He Hated Pigeons: Crowdfunding as a Marketing Tool
Just two days before flying off with her crew for the shoot, the writer-director-producer of He Hated Pigeons heard back from a funder she’d been counting on. The answer was no, and it put a huge hole in her budget. How could she fill it 48 hours before leaving?
- Project name: He Hated Pigeons
- Production/project type: Art film
- Financing platform: Indiegogo
- Crowdfunding type: Flexible (keep all contributions)
- Financing period: Ongoing
- Amount raised: $36,306 (143%)
- Number of contributors: 175
- Average contribution: $208
For her fifth feature, He Hated Pigeons , an art film about a phantasmagorical journey in Chile, Ingrid Veninger had to deal with a very tight financial structure.
This writer-director-producer decided a long time ago to wear all the hats for her art film projects: constantly in solution mode, her brain is always in high gear. She’ll do anything to see the films through and fearlessly tackles every challenge along the way.
In mid-January 2015, just two days before flying off with her crew for the shoot, she heard back from a funder she’d been counting on. The answer was no, and it put a huge hole in her budget. How could she fill it 48 hours before leaving?
That’s when her adventure with Indiegogo crowdfunding began. The experience would have a huge influence on how the film was shot, as well as on her marketing strategy.
Getting the project off the ground despite the circumstances, and taking it all the way!
“I was running the campaign with people from Toronto who were helping me and posting on social media. I was constantly creating content and thanking every single individual who was contributing while strategizing and building the campaign. All through making the film. At the end of every day instead of sleeping I was spending 3 or 4 hours on the campaign.”
The route Ingrid took is not what’s recommended by crowdfunding strategists.
She dove in with no preparation, not even a reward to offer contributors! She created the rewards as she went along, as shooting progressed. She offered images from the shoot, copyright free, as well as photos and postcards, and used every ounce of the creativity she is renowned for to provide unique, engaging content for the campaign.
Financially, she started at zero, although strategists highly recommend having a few contributors already at the starting line to create a bandwagon effect when kicking off a crowdfunding campaign. She remembers the very first contribution from a film critic who has followed and admired her work for several years. She then fanned interest continuously during shooting, by sharing her scenes and dialoguing with contributors.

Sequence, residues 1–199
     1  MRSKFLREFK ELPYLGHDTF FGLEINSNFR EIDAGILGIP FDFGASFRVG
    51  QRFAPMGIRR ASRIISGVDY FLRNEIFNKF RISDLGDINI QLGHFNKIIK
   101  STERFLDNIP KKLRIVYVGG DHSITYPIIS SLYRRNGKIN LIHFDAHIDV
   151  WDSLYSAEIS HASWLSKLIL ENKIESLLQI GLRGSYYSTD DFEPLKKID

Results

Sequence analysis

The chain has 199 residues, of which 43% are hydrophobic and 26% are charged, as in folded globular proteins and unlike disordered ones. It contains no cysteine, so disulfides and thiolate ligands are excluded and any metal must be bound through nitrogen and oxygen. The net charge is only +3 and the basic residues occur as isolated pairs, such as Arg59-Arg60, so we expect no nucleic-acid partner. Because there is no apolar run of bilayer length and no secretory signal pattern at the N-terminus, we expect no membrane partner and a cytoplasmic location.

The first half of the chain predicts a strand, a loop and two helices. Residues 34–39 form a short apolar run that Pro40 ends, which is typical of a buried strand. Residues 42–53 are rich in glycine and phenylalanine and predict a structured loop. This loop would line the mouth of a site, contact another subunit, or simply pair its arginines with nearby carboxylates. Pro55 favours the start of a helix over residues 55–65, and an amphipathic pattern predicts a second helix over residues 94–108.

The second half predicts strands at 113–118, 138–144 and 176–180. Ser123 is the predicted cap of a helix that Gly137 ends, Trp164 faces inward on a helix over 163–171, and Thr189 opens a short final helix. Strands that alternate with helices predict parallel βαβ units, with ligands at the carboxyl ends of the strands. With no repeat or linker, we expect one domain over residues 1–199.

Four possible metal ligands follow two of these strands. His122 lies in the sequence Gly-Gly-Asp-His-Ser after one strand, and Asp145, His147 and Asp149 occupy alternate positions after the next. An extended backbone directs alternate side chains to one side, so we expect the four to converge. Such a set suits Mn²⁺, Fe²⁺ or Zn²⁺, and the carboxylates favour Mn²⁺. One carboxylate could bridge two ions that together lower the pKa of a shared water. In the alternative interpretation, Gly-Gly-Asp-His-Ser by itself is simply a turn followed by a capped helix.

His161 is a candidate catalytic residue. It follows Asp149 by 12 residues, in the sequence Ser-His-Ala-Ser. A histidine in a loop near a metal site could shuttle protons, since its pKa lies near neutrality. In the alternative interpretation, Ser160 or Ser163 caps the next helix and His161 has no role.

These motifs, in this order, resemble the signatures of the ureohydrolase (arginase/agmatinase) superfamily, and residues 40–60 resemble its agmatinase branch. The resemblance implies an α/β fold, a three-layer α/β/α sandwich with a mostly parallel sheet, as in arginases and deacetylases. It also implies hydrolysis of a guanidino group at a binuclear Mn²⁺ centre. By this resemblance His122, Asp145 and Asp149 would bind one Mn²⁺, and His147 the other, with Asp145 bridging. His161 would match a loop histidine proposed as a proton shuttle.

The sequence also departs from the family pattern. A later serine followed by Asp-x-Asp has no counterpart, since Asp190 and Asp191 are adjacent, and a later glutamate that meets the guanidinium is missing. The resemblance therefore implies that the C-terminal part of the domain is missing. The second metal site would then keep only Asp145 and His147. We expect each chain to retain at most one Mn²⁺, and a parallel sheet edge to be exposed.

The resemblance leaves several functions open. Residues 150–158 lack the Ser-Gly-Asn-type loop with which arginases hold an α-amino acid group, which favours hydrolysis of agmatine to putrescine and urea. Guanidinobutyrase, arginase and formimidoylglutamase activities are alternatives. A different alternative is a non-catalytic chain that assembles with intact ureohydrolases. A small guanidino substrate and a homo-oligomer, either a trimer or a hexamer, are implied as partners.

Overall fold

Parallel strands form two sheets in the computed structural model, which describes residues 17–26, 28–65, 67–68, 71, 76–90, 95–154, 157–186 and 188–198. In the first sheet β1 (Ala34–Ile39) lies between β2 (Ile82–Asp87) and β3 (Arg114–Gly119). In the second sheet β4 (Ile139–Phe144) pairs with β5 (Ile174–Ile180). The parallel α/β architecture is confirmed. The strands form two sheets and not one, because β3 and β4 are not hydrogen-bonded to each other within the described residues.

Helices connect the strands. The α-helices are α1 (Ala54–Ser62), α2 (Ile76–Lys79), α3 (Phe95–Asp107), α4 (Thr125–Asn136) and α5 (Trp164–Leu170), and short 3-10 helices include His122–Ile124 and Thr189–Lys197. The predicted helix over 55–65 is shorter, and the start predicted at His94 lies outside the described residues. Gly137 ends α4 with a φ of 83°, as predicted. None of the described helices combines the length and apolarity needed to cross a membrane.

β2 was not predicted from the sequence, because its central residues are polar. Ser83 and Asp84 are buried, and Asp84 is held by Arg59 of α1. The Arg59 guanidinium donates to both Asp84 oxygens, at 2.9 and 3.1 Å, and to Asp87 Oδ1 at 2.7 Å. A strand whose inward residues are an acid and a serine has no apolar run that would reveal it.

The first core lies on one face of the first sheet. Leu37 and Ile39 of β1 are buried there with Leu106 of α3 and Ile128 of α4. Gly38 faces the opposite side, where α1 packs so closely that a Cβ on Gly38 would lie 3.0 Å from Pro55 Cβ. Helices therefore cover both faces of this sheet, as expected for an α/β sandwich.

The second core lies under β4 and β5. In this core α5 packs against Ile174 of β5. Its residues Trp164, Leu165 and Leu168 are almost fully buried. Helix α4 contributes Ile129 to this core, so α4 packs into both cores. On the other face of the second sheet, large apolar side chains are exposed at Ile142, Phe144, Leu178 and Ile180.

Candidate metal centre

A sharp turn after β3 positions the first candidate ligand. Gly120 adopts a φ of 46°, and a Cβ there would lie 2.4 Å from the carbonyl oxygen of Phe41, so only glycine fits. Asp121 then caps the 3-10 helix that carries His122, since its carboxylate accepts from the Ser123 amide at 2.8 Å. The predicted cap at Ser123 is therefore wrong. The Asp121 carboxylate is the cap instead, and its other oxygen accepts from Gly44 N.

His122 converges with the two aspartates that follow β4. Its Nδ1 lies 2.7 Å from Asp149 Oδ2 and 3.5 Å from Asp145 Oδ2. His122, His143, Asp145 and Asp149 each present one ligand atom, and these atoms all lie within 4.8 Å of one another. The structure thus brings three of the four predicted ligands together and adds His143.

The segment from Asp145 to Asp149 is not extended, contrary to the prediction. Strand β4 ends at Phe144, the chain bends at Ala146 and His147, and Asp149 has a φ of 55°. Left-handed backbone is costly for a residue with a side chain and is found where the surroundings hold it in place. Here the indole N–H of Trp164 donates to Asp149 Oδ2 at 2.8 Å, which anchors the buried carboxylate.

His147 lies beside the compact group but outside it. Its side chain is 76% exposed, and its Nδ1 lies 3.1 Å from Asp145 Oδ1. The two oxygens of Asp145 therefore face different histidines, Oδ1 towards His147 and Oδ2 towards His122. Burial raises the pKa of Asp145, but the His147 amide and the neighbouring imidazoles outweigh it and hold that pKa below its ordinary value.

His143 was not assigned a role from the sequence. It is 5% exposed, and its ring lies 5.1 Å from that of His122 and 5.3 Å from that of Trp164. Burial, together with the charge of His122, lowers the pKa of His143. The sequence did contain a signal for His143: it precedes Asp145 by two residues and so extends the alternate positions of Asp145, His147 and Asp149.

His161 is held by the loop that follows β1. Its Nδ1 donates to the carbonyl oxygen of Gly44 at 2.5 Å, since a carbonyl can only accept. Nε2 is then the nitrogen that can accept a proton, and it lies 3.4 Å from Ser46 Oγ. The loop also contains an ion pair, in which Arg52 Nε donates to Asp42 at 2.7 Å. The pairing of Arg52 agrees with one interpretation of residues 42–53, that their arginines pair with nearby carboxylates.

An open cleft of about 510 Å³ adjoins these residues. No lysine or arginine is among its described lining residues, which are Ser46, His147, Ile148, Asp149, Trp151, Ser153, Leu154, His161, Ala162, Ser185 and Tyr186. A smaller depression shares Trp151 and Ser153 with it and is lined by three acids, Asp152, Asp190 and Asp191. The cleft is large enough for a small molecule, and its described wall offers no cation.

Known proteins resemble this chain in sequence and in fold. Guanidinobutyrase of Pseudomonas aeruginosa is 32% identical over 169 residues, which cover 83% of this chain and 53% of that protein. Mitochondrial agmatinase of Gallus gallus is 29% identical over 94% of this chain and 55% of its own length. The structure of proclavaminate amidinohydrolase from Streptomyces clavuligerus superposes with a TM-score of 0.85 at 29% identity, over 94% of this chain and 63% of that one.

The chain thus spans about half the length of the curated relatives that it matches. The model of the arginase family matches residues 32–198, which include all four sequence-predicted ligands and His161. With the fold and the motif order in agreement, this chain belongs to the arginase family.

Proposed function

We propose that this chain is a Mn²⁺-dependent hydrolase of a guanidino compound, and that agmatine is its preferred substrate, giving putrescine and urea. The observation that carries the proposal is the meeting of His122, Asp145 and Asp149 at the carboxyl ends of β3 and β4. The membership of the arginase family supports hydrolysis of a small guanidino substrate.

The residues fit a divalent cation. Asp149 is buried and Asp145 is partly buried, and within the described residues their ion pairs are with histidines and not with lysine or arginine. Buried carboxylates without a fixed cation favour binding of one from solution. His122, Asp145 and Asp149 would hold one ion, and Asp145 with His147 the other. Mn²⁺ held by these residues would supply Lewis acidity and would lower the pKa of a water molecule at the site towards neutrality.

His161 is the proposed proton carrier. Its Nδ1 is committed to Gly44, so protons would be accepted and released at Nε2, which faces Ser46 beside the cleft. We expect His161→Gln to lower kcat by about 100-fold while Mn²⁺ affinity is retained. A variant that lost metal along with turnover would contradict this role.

Her relationship with her contributors strengthened day after day and, in the end, they were wholeheartedly participating in the adventure of the film. The filmmaker also maintains that her partnership with the Canadian Film Centre was a huge help, given that its participation acts like a seal of quality and demonstrates the validity of the creative work.
“It was really motivating to see there were people to support us when we needed it the most. I took a lot of energy and adrenaline from that.”
Did this simultaneous project hurt the film? According to Ingrid, it was her sleep that suffered, not the film. On the contrary, the synchronicity between the campaign and shooting created a unique unity between the team and the contributors, who were able to track the benefits of every dollar invested day by day. This momentum created enthusiasm and a community, and generated noise that was very helpful to the film’s international reach.
Film fans were not the only ones mobilized by the campaign. A group of filmmakers had formed organically at the Cucalorus Film Festival in North Carolina, where she screened her fourth film. The filmmaker was delighted to realize that many people in the group came through when it came time to contribute to her film. The producer saw the backing as a mark of extraordinary support from her community.
When she saw the group last November for the presentation of He Hated Pigeons, she was both happy and proud to name them on stage. Since then, their engagement has moved numerous projects forward, as they regularly contribute to each others’ films by investing and participating in crowdfunding campaigns launched in support of works in their respective communities.
When community and marketing strategy meet
After the shoot, Ingrid jumped on the opportunity to base the film’s tour on a map of her contributors’ locations. In tandem with each screening of her film, she offered an online live showing, hoping that every contributor would have the chance, if possible, to enjoy the experience.
For example, a Montreal contributor is the reason she added the city and Centre Phi to her itinerary.
The surprise crowdfunding campaign for He Hated Pigeons proved to be a creative experience, and a marketing tool that was essential to the international success of the producer’s sixth feature.
“So the backers are going way beyond in not only putting the money down, but their support behind the film. And that is huge when you’re doing a film with a crew of three or four people and you don’t have an army of investors. The crowdsourcing backers become essentials. And this specific aspect will influence how I make my films in the future because you build audience and community. And that’s so important.”